In polygonal modelling, an artist formulates a digital representation of a 3D object with a geometric screen composed of edges, vertices, and faces.
Faces are usually triangular and make up the facade of the 3D model.
Click on below Link: Polygonal Modeling
Throughout the use of the following techniques, a modeler methodically transforms a first 3D mesh into a complete 3D model:
Polygonal 3D Modeling Technique Common Box and Edge Modeling Workflows
Extrusion is a process of adding geometry to a polygon primitive and one of the primary tools a modeler uses to begin shaping a mesh.
Through extrusion a modeler manipulating the 3D mesh by either collapsing a face in upon itself or by extruding the face outward along its surface normal the directional vector perpendicular to the polygonal face.
Extruding a quadrilateral face creates four polygons to bridge the gap between its starting and ending position. Extrusion can be hard to visualize without a concrete example:
Consider a simple pyramid shape, with a quadrilateral base. A modeler might transform the first pyramid into a house like a shape by selecting the bottom of the pyramid and extruding it in the negative Y direction. The pyramid’s base is shifted downward, and four new vertical faces are created in the space between the cap and the bottom.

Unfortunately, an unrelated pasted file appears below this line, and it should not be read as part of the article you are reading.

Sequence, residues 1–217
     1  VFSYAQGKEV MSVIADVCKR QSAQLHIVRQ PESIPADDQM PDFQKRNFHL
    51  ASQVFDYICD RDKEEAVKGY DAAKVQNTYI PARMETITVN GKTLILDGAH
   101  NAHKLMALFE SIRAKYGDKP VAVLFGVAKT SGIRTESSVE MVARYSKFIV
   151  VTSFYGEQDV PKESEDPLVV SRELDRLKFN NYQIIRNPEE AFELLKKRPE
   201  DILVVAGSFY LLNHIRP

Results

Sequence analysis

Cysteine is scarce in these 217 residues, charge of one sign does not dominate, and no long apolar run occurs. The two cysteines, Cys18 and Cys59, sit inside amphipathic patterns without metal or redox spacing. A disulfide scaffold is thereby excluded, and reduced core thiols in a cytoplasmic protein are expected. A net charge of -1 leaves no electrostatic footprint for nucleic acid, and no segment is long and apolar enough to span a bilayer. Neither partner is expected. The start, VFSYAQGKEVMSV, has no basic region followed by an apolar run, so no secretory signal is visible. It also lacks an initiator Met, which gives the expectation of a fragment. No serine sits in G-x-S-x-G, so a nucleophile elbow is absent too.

Edges can also be extruded. When extruding an edge, it is essentially duplicated the duplicate edge can then be pulled or rotated away from the original in any direction, with a new polygonal face automatically created by connecting the two. It is the primary means for shaping geometry in the contour modeling process.
Click on below link: Polygon Extrusion Techniques
A subdivision is a way for modelers to add a polygonal presentation to a model, either selectively or uniformly.
Because a polygonal model typically begins from a low-resolution fundamental with very few faces, it is almost hard to build a finished model without at least some level of a subclass.
A uniform subdivision splits the whole cover of a model evenly. Uniform groups are completed on a linear scale, meaning every polygonal face is subdivided into four.
Uniform subdivision helps to eliminate “blockiness,” and can be used to smooth the surface of a model evenly.
Click on below link: Polygon and subdivision mesh modeling
A uniform subdivision divides the entire surface of a model evenly. Uniform subdivisions are completed on a linear scale, meaning every polygonal face is subdivided into four. Uniform subdivision helps to eliminate “blockiness,” and can be used to smooth the surface of a model evenly.